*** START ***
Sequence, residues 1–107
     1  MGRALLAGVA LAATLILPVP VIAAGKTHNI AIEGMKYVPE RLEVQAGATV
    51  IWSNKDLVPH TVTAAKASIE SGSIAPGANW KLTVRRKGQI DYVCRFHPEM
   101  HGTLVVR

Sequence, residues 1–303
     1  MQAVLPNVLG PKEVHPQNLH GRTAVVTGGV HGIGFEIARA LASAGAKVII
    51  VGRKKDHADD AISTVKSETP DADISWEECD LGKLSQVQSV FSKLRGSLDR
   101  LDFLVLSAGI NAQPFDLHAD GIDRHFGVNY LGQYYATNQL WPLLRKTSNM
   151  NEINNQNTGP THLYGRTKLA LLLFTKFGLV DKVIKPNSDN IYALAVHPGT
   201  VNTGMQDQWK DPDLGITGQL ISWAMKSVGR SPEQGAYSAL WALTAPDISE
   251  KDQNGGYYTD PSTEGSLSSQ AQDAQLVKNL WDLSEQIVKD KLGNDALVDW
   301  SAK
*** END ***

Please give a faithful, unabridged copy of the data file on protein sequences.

Sequence, residues 1–107
     1  MGRALLAGVA LAATLILPVP VIAAGKTHNI AIEGMKYVPE RLEVQAGATV
    51  IWSNKDLVPH TVTAAKASIE SGSIAPGANW KLTVRRKGQI DYVCRFHPEM
   101  HGTLVVR

Sequence, residues 1–303
     1  MQAVLPNVLG PKEVHPQNLH GRTAVVTGGV HGIGFEIARA LASAGAKVII
    51  VGRKKDHADD AISTVKSETP DADISWEECD LGKLSQVQSV FSKLRGSLDR
   101  LDFLVLSAGI NAQPFDLHAD GIDRHFGVNY LGQYYATNQL WPLLRKTSNM
   151  NEINNQNTGP THLYGRTKLA LLLFTKFGLV DKVIKPNSDN IYALAVHPGT
   201  VNTGMQDQWK DPDLGITGQL ISWAMKSVGR SPEQGAYSAL WALTAPDISE
   251  KDQNGGYYTD PSTEGSLSSQ AQDAQLVKNL WDLSEQIVKD KLGNDALVDW
   301  SAK